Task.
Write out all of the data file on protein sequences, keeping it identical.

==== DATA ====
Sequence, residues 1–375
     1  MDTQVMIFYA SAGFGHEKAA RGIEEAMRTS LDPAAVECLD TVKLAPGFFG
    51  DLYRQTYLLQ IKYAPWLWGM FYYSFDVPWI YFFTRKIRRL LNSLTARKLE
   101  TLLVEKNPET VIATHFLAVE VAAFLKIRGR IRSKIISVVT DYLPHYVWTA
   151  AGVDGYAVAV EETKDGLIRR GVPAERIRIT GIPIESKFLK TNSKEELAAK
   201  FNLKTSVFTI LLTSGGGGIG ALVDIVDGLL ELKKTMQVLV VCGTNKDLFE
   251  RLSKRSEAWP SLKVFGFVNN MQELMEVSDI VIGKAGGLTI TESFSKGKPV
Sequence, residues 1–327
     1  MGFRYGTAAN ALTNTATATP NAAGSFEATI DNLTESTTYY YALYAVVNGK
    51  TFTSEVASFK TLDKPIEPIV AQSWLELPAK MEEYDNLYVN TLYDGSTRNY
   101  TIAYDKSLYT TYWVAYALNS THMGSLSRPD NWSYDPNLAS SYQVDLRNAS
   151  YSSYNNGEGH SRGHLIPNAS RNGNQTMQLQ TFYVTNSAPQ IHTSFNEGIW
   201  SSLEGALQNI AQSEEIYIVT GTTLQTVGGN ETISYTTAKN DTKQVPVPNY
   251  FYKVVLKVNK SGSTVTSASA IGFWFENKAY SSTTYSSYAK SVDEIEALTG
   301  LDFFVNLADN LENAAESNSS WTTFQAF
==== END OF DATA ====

Sequence, residues 1–375
     1  MDTQVMIFYA SAGFGHEKAA RGIEEAMRTS LDPAAVECLD TVKLAPGFFG
    51  DLYRQTYLLQ IKYAPWLWGM FYYSFDVPWI YFFTRKIRRL LNSLTARKLE
   101  TLLVEKNPET VIATHFLAVE VAAFLKIRGR IRSKIISVVT DYLPHYVWTA
   151  AGVDGYAVAV EETKDGLIRR GVPAERIRIT GIPIESKFLK TNSKEELAAK
   201  FNLKTSVFTI LLTSGGGGIG ALVDIVDGLL ELKKTMQVLV VCGTNKDLFE
   251  RLSKRSEAWP SLKVFGFVNN MQELMEVSDI VIGKAGGLTI TESFSKGKPV
Sequence, residues 1–327
     1  MGFRYGTAAN ALTNTATATP NAAGSFEATI DNLTESTTYY YALYAVVNGK
    51  TFTSEVASFK TLDKPIEPIV AQSWLELPAK MEEYDNLYVN TLYDGSTRNY
   101  TIAYDKSLYT TYWVAYALNS THMGSLSRPD NWSYDPNLAS SYQVDLRNAS
   151  YSSYNNGEGH SRGHLIPNAS RNGNQTMQLQ TFYVTNSAPQ IHTSFNEGIW
   201  SSLEGALQNI AQSEEIYIVT GTTLQTVGGN ETISYTTAKN DTKQVPVPNY
   251  FYKVVLKVNK SGSTVTSASA IGFWFENKAY SSTTYSSYAK SVDEIEALTG
   301  LDFFVNLADN LENAAESNSS WTTFQAF